Digital Security in Aid and Development

Title: Digital Security in Aid and Development
Author: Rahel Dette
Source: GPPi - Global Public Policy Institute
Date (published): 18/11/2015
Date (accessed): 27/11/2015
Type of information: online article
Language: English
On-line access: yes
Abstract: Technologies are used increasingly in humanitarian, development and human rights. This field of work is sometimes abbreviated with “ICT4D,” or information communication technologies for development. But new technologies can also introduce new risks, especially concerning digital security and privacy. To make ICT4D more secure and safe, aid actors (or anyone working with technologies) can use “threat models” to play through possible attacks and hacks ahead of time. Being more alert to digital vulnerabilities can help prevent data breaches and devastating damage, which is especially important in the aid sector.

UNDP experts help Pakistan map disasters in real time

Title: UNDP experts help Pakistan map disasters in real time
Source: Medium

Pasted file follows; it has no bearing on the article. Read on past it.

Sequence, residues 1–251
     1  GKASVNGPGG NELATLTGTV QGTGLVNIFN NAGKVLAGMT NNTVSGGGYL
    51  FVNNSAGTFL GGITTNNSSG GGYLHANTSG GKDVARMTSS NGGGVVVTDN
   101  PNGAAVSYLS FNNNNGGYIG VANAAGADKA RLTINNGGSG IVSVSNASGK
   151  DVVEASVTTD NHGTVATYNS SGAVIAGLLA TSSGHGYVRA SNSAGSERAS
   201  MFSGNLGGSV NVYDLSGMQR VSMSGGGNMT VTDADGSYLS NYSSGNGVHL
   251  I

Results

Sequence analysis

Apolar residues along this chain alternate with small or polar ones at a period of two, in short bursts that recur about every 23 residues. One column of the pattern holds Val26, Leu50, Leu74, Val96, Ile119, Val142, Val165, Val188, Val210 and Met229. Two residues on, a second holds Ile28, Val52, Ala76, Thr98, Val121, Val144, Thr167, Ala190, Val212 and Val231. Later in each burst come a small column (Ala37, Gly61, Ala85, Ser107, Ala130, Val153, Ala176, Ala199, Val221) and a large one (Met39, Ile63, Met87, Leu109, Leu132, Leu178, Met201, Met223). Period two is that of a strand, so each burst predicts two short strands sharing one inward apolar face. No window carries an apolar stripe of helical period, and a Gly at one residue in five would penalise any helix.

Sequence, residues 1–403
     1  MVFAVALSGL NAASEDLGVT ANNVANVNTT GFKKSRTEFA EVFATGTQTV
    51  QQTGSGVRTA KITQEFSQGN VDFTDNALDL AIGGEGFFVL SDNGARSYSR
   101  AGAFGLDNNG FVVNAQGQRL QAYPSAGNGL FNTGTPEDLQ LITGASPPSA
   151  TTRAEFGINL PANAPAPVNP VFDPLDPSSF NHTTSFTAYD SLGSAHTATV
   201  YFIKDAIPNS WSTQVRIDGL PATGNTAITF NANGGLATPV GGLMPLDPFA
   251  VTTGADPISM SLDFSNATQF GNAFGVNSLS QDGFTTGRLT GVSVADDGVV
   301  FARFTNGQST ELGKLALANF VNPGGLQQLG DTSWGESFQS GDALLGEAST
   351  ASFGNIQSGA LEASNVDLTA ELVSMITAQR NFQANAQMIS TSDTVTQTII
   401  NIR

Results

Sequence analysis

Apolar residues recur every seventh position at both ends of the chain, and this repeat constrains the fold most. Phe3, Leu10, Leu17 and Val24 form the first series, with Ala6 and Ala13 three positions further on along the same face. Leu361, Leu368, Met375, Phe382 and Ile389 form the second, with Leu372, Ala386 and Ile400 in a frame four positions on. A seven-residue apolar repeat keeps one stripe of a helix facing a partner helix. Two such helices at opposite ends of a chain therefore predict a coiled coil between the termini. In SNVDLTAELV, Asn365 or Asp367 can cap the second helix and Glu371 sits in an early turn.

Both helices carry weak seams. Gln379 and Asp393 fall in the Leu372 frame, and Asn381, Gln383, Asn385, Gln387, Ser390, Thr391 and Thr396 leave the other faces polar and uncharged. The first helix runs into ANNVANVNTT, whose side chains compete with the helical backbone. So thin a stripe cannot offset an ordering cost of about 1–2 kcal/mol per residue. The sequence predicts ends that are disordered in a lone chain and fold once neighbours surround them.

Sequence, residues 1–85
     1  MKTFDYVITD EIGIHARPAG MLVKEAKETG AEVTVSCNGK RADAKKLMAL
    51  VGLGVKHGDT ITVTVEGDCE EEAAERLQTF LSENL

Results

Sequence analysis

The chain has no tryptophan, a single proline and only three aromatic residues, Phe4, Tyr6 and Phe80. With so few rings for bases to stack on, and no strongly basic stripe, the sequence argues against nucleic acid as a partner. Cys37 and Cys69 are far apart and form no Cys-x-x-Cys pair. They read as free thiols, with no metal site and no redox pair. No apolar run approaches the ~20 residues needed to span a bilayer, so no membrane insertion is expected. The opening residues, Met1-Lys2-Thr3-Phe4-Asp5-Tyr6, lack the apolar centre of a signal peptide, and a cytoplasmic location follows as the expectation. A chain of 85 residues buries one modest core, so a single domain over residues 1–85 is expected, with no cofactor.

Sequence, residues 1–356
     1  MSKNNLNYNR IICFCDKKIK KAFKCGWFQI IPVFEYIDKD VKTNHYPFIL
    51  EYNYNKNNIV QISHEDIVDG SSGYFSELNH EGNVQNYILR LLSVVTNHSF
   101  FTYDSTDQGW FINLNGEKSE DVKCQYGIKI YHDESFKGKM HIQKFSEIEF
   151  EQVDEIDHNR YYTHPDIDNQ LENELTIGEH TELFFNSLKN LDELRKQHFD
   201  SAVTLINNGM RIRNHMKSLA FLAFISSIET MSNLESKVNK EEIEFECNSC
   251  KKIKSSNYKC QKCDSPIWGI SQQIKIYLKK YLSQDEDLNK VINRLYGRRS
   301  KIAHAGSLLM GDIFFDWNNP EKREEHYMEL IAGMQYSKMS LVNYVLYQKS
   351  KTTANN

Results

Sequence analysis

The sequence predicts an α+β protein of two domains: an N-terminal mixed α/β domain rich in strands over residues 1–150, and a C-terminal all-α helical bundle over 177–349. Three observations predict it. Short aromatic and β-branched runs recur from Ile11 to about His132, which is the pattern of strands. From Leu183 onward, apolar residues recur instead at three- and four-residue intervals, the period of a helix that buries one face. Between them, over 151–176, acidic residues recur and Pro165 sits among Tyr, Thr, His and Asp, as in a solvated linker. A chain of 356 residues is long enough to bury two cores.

Date (published): 12/11/2015
Date (accessed): 23/11/2015
Type of information: case study
Language: English
On-line access: yes
Abstract: On 26 October 2015, a severe earthquake hit the Hindu Kush mountains which straddle Pakistan and Afghanistan. This is a remote and mountainous area, sparsely populated and difficult to access. Yet, within half an hour of the 7.5 magnitude tremor, Pakistan’s National Disaster Risk Management Authority (NDMA) had released a map on its website showing the magnitude of the earthquake, its epicentre and areas affected.

Discussion Paper: The Mobile App Divide

Title: Discussion Paper: The Mobile App Divide
Author: Mr. Michael Kende
Source: Internet Society
Date (published): 17/11/2015
Date (accessed): 23/11/2015